In 1982, a Turkish sponge diver discovered a wealthy cargo ship from the Late Bronze Age carrying exotic and expensive goods. This finding was called the Uluburun shipwreck. Some of the items found include carved ivory, gold, semi-precious stone jewelry, and valuable raw materials such as elephant tusks, ostrich eggshells, and glass ingots. Between 1984 and 1994, the Institute of Nautical Archaeology (INA) excavated the site, completing over 22,000 dives. The site’s recovered exotic artifacts provide evidence for the intercultural exchange of goods between elite kings and merchants, giving us a glimpse into the material culture and economic exchange of the Bronze Age.

A diver excavating an amphora in the Uluburun Late Bronze Age shipwreck

Underwater excavations also include the analysis and extraction of DNA. Amphorae found in shipwrecks, such as in the image above, are containers traditionally used to store foodstuffs. The residue left inside can be extracted and analyzed to identify biological materials such as oil or wine, allowing archaeologists to research the food diets and commodities being transported to ancient cities. Underwater archaeology uses robots to explore where humans cannot: bringing us closer to understanding the material culture, trade routes, and lives of people in antiquity.


3. Light Detection and Ranging (LiDAR)

A LiDAR rendering of Copan, an ancient Mayan city in Honduras by the University of Nebraska-Lincoln

Light Detection and Ranging (LiDAR) was first developed in the 1960s. It combines the two-dimensional mapping system Geographical Information System (GIS) software with 3D modeling capabilities to produce a detailed image of an archaeological site. Archaeologists can use LiDAR to harness virtual reality systems such as Oculus Rift or Unity to create an interactive map of the site. LiDAR is a major advancement in imaging technology and works via scanning devices that are attached to small planes. These devices fly above the site to calculate distances from its height to the ground level, allowing archaeologists to map topography and can even visualize areas covered by forest canopies.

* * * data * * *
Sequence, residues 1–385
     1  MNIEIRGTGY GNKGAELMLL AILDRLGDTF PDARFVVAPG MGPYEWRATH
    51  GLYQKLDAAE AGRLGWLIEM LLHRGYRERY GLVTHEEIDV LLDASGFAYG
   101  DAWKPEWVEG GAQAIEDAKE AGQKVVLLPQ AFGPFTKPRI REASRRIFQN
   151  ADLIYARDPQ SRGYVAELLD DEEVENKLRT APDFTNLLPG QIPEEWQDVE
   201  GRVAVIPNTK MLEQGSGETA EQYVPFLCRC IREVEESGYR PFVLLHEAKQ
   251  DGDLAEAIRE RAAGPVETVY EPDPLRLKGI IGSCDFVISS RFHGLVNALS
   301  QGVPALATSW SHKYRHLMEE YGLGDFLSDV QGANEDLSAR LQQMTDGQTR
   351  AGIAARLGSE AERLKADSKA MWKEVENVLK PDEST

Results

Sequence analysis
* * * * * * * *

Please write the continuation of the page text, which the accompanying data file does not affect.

Excavators can use LiDAR with underwater archaeology and autonomous underwater vehicles (UAVs) to create 3D maps. This methodology can model artifacts and can even demonstrate possible causes of shipwrecks through closely examining the destruction sites in the shipwreck remains.



Archaeology is an interdisciplinary field that is advancing with technology to explore the human past. Methodologies such as subsurface prospection, underwater archaeology, and LiDAR are just a few examples of archaeological developments over the past few decades. In future generations, excavation techniques have the potential to advance even more, continuously revolutionizing the way archaeologists explore ancient civilizations. Hopefully, these future technologies will increase the efficiency and findings of the field, creating a deeper understanding of the social, economic, and cultural life of past societies.


Angela Nguyen (College ’25) is a student at the University of Pennsylvania studying Classical Studies.